• Seek mode shift in order to reduce the number of drive-alone commuters by expanding the number of alternative mobility options such as bicycling, shared vehicles, shuttles, and mass transit
    • Seek ways to reduce the need for travel through various means of electronic communications
  • Take into consideration projections and other information about future climate conditions and adaptation in its capital and operational planning, and make appropriate preparations.
  • Organize an inclusive sustainability governance model that centralizes sustainability reporting and decisionmaking around these topics.
  • Develop publicly available sustainability indicators and planning tools to enable monitoring, reporting, and continuous improvement; to enable comparative analysis of environmental performance; and to facilitate and support engagement of the university community.
  • In order to ensure implementation of these principles, devote sufficient organizational and financial resources, put in place mechanisms of responsibility and accountability, and integrate the goals into management decisionmaking. Consider the potential for operational cost savings (such as through lower energy bills) in making decisions on capital projects.

Foster a culture of sustainability.

Columbia commits to fostering a culture of sustainability. Targeted policies and practices – as well as individual, everyday actions – are essential to realizing our vision of incorporating sustainability into every aspect of campus life. The university should foster thinking and decision-making that persist even after students graduate and other members of the community move on.
The university encourages all members of its community to:
  • Increase each other’s level of awareness around sustainability, encouraging each other to personally take action to support the University’s sustainability efforts and obligations.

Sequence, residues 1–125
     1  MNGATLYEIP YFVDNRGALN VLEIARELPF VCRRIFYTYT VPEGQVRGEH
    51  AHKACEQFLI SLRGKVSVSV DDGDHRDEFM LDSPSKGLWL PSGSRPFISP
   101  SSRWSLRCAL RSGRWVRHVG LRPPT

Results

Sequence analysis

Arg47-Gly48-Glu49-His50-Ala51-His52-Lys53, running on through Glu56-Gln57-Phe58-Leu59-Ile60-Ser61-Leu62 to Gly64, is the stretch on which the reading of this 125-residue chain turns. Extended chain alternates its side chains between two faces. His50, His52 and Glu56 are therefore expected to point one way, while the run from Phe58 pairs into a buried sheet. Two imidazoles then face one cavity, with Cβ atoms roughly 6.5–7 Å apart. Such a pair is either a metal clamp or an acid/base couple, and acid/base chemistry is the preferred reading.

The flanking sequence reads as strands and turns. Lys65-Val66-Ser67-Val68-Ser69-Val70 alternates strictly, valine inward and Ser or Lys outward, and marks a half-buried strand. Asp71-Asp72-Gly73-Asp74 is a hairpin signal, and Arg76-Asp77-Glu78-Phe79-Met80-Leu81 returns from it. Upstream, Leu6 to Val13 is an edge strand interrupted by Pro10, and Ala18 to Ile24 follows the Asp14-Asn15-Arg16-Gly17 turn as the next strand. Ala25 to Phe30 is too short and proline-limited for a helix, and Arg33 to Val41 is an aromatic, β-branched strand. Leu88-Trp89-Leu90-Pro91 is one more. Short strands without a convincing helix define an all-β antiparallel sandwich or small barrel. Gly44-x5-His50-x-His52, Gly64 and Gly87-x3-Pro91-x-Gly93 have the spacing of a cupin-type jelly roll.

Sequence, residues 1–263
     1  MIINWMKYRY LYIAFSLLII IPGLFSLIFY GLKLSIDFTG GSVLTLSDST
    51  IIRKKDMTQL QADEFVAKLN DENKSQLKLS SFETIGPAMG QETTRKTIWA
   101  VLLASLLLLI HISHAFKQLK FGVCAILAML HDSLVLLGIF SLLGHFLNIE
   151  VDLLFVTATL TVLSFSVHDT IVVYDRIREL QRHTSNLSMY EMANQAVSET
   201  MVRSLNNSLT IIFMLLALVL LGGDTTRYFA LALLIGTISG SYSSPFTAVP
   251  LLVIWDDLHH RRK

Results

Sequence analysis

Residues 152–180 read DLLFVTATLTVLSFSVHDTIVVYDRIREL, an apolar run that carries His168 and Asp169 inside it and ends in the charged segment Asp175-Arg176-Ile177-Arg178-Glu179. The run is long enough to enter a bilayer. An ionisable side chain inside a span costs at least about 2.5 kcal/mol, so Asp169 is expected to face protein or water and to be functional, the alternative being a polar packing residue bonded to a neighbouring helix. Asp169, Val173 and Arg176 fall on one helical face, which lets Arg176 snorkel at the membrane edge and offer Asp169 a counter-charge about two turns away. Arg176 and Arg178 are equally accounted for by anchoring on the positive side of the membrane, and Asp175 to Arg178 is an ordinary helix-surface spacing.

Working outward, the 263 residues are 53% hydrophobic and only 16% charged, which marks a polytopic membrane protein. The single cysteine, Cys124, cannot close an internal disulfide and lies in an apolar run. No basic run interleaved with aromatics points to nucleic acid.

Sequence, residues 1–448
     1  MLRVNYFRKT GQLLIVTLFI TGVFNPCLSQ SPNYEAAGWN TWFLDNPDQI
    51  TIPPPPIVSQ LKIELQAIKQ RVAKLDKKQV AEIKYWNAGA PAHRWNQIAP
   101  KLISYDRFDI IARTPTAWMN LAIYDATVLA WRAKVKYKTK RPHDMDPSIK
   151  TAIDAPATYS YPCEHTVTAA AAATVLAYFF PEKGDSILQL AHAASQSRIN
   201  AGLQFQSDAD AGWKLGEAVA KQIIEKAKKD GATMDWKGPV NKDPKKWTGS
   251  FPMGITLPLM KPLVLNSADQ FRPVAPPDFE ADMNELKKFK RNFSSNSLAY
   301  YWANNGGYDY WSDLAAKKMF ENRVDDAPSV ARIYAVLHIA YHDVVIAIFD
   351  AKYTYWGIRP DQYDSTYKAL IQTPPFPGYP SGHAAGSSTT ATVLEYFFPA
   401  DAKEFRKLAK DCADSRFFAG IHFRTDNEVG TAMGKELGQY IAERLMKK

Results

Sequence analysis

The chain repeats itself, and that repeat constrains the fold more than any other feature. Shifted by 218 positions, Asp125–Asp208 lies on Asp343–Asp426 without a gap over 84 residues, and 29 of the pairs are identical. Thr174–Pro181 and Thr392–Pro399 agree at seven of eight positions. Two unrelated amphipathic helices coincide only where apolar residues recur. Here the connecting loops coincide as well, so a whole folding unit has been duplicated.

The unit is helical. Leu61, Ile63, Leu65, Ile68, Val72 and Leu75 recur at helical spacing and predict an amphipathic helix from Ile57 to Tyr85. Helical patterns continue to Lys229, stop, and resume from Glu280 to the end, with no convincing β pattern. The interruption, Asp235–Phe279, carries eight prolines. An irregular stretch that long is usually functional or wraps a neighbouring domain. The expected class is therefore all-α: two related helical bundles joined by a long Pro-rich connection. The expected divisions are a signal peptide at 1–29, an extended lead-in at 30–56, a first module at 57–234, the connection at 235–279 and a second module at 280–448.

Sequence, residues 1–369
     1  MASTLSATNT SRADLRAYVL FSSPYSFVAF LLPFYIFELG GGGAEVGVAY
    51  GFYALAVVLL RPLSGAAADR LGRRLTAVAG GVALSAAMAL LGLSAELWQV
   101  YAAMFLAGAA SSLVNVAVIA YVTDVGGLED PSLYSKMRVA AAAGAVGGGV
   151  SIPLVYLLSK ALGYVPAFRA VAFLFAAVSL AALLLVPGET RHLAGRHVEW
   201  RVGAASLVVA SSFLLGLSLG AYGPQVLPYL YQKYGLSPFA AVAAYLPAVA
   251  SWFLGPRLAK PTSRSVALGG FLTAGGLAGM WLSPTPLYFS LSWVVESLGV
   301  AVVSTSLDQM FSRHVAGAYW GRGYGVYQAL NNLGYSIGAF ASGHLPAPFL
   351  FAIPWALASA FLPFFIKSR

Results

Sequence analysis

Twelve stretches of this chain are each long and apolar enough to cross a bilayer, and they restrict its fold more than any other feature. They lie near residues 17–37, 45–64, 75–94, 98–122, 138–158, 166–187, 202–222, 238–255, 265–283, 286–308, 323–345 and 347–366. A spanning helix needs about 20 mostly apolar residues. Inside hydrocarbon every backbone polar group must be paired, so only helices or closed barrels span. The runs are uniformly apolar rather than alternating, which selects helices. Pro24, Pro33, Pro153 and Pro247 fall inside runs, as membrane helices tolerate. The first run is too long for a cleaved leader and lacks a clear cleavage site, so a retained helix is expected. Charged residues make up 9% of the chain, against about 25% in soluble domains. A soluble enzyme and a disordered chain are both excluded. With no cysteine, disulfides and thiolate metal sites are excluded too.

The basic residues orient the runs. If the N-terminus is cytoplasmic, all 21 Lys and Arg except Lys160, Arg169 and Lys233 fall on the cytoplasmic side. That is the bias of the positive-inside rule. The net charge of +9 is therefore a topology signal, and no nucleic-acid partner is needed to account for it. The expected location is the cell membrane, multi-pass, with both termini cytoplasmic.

• Lead by example by exhibiting day-to-day behavior that minimizes environmental impacts on the campus grounds, our local workspaces, our living quarters, and recreation spaces.
  • Empower students, staff and faculty to be agents of behavior change who mobilize their knowledge in concrete ways on campus to build a sustainable campus community.
  • Collaborate to set goals around sustainability and provide transparency about where we are with our work on campus and beyond. Seek ways to participate in events and teams that bring the campus community together around sustainability, including but not limited to school-based Green Teams, student energy challenges, donation fairs, and recognition events that celebrate success. 

Each individual Columbia community campus should work closely with its surrounding community through collaboration with the following stakeholders to develop ways to enhance the sustainability of New York City, or the appropriate region, so they may serve as models for and learn from other major urbanized areas of the world:

  • colleagues and students in other schools
  • departments and disciplines
  • government officials
  • other institutions of higher learning
  • private sector, including utility companies
  • general public